I am going to speak to my vet again (He is a good person) and go for the culture solution. I am sure they will be able to do it for us here in Pretoria, as our countries veterinarian school is also in Pretoria (Onderstepoort) very close to us.
Few things I was wondering about.
We have tried to get her some wheels but she cannot seem to get it going with them. On another thread I read that someone said that walking her with a sling will also assist in getting her muscles working a bit better and so assisting with the bladder control. Currently she only slides through the house at very high speeds and I think we tend to assist more than we have to as she has this way of looking at you with those big begging eyes to carry her around.
She hates water and gets anxiety attacks when she sees the water therapy rooms. We did not take her back after the first visit.
Do you think exercise will help?
2. Eating habits and diet
Also everyone is referring to adding stuff to their food and changing eating habits etc.. Will this help and is there things we can avoid to assist or add to her diet to assist her?
3. Expressing a dog bladder
My wife are doing it as I am scared I might hurt her and she is doing a good job as well. What do you do when the UTI is there and it just does not want to come out. Is there something you can do?
Thanks for assisting.
Food and exercise are certainly important, but I wouldn't place huge importance on either at this point. As long as she has a good diet and is eating well, that's the most important thing. Cranberry supplements are always suggested in helping keep UTIs at bay, but it isn't a magic bullet and will not stop a UTI developing, only might make it a little harder. Exercise is good of course, but if her mobility is limited and she is not taking well to her wheels, don't stress over it. Using a sling can certainly help.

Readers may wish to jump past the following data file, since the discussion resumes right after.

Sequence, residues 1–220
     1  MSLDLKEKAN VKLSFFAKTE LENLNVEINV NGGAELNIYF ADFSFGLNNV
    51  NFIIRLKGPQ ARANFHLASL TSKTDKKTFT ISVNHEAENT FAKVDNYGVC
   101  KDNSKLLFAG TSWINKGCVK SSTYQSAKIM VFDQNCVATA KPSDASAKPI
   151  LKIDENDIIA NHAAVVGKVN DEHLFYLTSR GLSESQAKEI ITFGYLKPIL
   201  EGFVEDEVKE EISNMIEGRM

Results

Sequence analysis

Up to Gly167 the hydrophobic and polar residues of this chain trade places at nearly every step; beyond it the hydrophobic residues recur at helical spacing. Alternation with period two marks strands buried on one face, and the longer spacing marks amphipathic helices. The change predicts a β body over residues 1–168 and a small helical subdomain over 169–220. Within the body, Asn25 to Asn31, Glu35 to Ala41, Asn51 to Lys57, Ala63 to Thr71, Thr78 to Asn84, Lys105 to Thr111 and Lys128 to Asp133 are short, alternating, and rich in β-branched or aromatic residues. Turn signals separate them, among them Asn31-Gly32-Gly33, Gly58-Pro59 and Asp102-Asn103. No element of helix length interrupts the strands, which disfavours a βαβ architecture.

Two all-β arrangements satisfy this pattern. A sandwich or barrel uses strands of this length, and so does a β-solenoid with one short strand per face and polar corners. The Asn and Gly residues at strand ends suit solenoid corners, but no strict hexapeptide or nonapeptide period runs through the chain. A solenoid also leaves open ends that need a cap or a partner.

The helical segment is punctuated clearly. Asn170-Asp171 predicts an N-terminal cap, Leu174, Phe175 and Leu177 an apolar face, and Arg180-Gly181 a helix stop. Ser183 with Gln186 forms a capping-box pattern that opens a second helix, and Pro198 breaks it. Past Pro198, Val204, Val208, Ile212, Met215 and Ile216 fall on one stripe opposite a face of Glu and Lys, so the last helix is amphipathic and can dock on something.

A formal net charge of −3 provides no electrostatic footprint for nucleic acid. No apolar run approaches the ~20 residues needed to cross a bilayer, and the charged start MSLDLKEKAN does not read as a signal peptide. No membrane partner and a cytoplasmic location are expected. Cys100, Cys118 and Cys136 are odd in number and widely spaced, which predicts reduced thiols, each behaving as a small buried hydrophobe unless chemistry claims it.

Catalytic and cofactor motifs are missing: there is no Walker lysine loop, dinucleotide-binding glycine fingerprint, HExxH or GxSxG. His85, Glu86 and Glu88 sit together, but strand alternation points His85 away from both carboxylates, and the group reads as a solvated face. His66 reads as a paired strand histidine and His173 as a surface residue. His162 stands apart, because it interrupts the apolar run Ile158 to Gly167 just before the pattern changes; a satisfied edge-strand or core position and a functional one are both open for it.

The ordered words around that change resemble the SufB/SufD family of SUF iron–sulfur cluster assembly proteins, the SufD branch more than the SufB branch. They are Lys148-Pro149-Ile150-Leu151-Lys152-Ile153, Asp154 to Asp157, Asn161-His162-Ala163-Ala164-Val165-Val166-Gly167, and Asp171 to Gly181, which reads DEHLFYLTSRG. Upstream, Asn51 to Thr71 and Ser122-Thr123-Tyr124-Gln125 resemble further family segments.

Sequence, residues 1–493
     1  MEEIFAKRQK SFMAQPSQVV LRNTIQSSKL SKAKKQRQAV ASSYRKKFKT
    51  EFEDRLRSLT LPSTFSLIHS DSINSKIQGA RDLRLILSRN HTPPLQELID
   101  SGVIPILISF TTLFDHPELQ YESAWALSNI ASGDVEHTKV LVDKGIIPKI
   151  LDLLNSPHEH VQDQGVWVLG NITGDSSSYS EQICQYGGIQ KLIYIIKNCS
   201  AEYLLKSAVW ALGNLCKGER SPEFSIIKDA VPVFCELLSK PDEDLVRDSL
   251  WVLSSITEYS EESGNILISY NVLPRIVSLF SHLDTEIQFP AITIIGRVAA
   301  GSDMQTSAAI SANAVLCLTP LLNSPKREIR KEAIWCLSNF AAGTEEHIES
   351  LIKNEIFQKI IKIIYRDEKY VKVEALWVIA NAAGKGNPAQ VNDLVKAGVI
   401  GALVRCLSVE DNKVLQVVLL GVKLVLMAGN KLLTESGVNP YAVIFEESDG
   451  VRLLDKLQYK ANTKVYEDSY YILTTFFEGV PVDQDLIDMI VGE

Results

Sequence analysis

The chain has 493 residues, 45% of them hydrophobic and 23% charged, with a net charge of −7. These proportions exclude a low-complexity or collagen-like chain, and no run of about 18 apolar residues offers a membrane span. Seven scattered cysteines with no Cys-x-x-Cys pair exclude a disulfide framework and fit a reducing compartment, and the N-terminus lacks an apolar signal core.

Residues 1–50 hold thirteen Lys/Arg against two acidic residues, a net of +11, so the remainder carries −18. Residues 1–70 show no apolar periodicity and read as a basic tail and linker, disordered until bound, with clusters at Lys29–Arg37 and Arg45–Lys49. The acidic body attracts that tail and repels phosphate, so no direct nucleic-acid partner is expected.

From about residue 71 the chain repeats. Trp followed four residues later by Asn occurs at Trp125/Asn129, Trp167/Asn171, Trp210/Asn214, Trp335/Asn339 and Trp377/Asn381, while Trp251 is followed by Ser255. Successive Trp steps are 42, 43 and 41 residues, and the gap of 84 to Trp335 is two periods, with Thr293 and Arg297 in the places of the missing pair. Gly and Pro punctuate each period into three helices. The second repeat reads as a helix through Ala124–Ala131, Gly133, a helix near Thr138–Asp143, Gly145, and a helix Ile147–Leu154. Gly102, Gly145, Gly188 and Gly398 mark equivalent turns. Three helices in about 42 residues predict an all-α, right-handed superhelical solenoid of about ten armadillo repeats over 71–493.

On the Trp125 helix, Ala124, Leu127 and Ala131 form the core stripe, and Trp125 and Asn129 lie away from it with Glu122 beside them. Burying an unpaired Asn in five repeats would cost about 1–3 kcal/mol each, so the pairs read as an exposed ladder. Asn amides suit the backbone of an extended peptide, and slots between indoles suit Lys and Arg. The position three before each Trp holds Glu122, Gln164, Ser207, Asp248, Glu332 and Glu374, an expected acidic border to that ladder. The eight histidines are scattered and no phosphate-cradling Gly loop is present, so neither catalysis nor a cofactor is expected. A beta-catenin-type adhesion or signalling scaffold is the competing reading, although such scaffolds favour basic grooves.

Right now the single most important thing you can do to get these UTI's under control is doing a "C.& S." (culture and sensitivity) and find out what antibiotics the bugs are sensitive to. It really sounds as though, even with all the different antibiotics given, they aren't the right ones. Bugs can be gram positive or gram negative; fastidious, exotic...all sorts of different varieties and sensitive to a limited number of meds. If your vet is reluctant to do this find another vet!!!! A C&S is standard procedure in UTI's. Once you get the results and the right meds things should start getting better. Oh, one VERY IMPORTANT THOUGHT!! You should wait at least a week after any course of antibiotics have been give before doing a C&S, as the meds in the system can skew the results. Very important. Are you close to any university vet school? That might be a good place to go.
As to expressing your girl's bladder, it really is an art and once you learn it, it isn't difficult. If you feel unsure about it and your wife can do it easily, I'd leave it to her. I liken it more to "milking a cow", feeling things at the top of the bladder and then pushing the urine in the direction of the urethra and out.
The best of luck and please, I am happy to answer any questions or help in any way I can. Tell your vet putting your baby girl to sleep is out of the question and to put his training to good use and fight this battle with you. That's what he's there for!
Even in the US there aren't any vets specializing in disabled critters, but some are more interesting in being creative than others.
Thanks to all and I just want to report back that we have had another chat with the Vet who is now going to assist us.
Our little girl is currently doing much better with the last set of antibiotics he gave her. We are going to finish this course, wait a week and then do the culture. Then we are going to go with the findings there and fight the battle and not give up.
Thanks for all the info and videos.
I will report back in a months time.
I'd like to know how this little pug is doing and if any one has a similar experience and advice for me:
My Bernie is 7 years old and has been hind limb paralyzed (surgery was unsuccessful) and incontinent since he was 6 months old. I was successfully expressing his bladder until this June when he became blocked- he had a urinary infection (Klebsiella bacteria) and Struvite stones (which I understand come from the bacteria.) He had surgery to remove the stones but despite numerous cultures and courses of various antibiotics that are supposed to be effective on this bacteria, the infection does not clear. The doctor says that his bladder is extremely stretched out and suggests a trial on bethanechol and daily urinary catheterizations in addition to antibiotics to see if we get rid of the bacteria and get his bladder to shrink a bit. He is otherwise a very happy and healthy dog, gets a long great in his cart or just dragging around.